Summary and Analysis Chapter 14
Last Updated on May 5, 2015, by eNotes Editorial. Word Count: 883
This chapter opens with first-person narration from King Junior, in which we learn that he has chosen to be called by his middle name, Howard.
The narration then switches to Liphsa Morrisey’s point-of-view. Lipsha has just been told by Lulu that Gerry was his father, and now Lipsha wants to meet him. Lulu has also told him that June was his mother, but of course there is no way for him to meet her. Lulu’s motivation for telling Lipsha is simple—she has nothing to lose and a grandson to gain. Lulu also tells him that Gerry is being transferred to a low-security prison, and Lipsha has a good chance of being able to find him if Gerry breaks out as he usually does.
Overwhelmed by this information, Lipsha steals money from Grandma Marie and goes to the city. There he signs up with the army and moves into a veteran’s hotel. It doesn’t take long with the run-down, mostly alcoholic vets to realize that this could be his future, too, if he stays with the army, and so Lipsha decides to meet his father. Lipsha goes to the Twin Cities and ends up with King, the tormenter who used to call him an “orphant” and steal all of his food. He watches King pick on his own son Howard, even criticizing the way the boy eats cereal, and Lipsha sees the slow boiling hatred this treatment produces in Howard.
To distract King from being mean, Lipsha invites him to play poker for cereal pieces. While visiting the Senior Citizens home, Lipsha has learned how to crimp and mark the cards, so he is in complete control of the game. The game is interrupted by a news broadcast that the dangerous criminal Gerry Nanapush has broken out of jail and is on the loose. King and Lynette begin to panic, but Lipsha is excited that his intuition has played itself out.
While they stare at the TV, Gerry enters the apartment through the airshaft. Gerry knows that Lipsha is his son, and Lipsha is instantly fascinated by his father. Gerry quickly tells Lipsha that King had betrayed his plans to escape and that he’d come to get revenge on King. Gerry, King and Lipsha agree to a game of cards, with June’s car as the stakes. King does not want to lose the car, but agrees to it because he is afraid of Gerry. Lynette and Howard hide in the other room while the card game unfolds, with Lipsha dealing a stacked hand. Immediately, he asks King for the keys and offers to drive Gerry anywhere he wants to go.
At that moment, the police pound on the door. By the time they are inside, Gerry has vanished. Lipsha leaves and drives away in his new, red car. After driving for a while, a strange noise starts up in the back, and he eventually pulls over and finds Gerry in the trunk. They talk about June and Gerry, and finally Lipsha tells him that he’s running from the army police. Gerry whoops and tells him he has nothing to worry about, that he has a bad heart and it’s genetic. So Lipsha drops Gerry off at the border and drives his mother’s—June’s—car home to Grandma Kashpaw.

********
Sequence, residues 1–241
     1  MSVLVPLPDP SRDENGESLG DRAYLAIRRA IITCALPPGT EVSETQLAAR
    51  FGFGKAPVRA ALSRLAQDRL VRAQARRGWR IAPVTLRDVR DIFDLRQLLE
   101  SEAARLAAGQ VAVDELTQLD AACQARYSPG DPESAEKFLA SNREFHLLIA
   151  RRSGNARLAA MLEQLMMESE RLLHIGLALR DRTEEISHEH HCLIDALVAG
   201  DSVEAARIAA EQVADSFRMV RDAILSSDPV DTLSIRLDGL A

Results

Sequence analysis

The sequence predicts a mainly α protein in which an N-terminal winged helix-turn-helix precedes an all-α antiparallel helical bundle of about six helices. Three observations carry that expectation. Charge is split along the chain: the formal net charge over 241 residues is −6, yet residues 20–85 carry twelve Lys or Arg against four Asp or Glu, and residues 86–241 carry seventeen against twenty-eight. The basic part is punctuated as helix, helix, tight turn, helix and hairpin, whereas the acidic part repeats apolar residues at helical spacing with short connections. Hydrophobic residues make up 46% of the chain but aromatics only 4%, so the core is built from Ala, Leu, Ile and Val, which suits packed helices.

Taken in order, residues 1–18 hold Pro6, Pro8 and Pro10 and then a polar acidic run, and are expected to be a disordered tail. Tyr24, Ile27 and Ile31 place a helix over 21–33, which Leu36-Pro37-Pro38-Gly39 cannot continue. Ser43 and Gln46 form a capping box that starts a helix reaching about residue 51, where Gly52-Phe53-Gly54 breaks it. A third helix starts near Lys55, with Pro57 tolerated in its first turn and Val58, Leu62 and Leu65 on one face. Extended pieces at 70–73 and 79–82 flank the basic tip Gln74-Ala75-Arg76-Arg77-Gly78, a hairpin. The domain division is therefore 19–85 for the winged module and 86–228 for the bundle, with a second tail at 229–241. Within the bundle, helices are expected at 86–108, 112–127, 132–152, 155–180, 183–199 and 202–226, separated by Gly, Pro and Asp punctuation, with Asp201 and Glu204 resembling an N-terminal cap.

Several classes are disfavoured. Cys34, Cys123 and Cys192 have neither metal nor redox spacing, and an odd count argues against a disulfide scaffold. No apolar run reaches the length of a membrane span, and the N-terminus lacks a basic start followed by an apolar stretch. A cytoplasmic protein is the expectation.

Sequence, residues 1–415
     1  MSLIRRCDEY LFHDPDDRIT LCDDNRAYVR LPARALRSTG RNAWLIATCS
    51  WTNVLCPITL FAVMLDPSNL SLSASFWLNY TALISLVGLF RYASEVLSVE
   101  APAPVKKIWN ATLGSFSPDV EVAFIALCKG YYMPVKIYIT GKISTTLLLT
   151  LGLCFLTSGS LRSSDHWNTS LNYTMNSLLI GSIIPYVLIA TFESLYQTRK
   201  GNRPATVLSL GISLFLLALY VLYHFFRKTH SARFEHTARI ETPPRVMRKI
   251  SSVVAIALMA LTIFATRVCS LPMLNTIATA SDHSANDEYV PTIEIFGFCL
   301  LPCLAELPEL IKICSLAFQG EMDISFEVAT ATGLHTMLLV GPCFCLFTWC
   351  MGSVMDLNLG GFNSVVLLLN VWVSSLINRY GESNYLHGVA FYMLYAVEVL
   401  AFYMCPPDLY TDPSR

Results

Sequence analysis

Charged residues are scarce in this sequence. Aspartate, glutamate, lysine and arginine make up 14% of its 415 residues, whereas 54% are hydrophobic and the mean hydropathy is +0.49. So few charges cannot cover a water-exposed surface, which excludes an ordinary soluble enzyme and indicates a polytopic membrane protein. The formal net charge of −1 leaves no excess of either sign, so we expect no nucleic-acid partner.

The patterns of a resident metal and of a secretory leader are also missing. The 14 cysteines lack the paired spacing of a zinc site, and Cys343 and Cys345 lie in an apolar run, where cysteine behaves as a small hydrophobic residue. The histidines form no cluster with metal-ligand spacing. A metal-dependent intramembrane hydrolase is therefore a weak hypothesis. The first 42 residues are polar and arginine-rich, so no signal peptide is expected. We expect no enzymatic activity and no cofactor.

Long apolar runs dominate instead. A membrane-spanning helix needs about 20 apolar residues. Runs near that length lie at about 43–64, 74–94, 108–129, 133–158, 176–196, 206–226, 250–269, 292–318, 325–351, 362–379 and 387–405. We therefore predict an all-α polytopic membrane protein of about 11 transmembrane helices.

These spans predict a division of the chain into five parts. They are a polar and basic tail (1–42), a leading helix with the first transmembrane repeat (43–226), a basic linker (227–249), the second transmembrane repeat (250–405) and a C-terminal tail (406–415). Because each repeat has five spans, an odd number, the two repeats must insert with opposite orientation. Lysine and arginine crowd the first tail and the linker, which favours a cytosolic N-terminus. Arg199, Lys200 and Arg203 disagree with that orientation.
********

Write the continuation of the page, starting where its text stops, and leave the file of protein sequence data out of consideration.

This final chapter in the novel focuses on Lipsha’s discovery that his parents are Gerry and June. Furthermore, Lipsha, unlike so many other characters in the novel who remain passive or choose to avoid facing hard truths, seeks out confrontation with his newfound knowledge by initiating contact with his father. Many of the characters are defined as much by what they do not say as much as what they do say; evasion and avoidance of the truth are running themes in the characters’ behavior.
However, in this chapter Lipsha is proactive. He finds King and Lynette on the very night that Gerry once again breaks out of prison. Even better, during the card game, Lipsha manages to position himself so that he can offer something to Gerry so that they can spend time together. By winning June’s car, he is able to drive Gerry to the border, and however briefly and symbolically, he can be with his parents for a short time. Lipsha even receives confirmation that he is Gerry’s son when Gerry tells Lipsha he has inherited a genetic heart defect.
The other focal points of this chapter are Howard and King. King has been shown to be a violent, unpredictable, shifty character, and Howard’s fear and hatred of him further emphasizes that point. Lipsha, from the moment of meeting Howard, feels sorry for him and identifies with him because he, too, was tormented by King. This alternate family situation contrasts with Lipsha’s newfound family. King’s family is marked by violence and distrust, while Lipsha’s new relationship with Gerry is caring and forgiving. Lipsha helps Gerry to escape prison, and Gerry helps Lipsha to escape the military police; they treat each other as equals and friends, not as obligations. Howard’s hatred of his ever-present father can then be contrasted with Lipsha’s love for his newfound father, who acknowledges him and treats him well.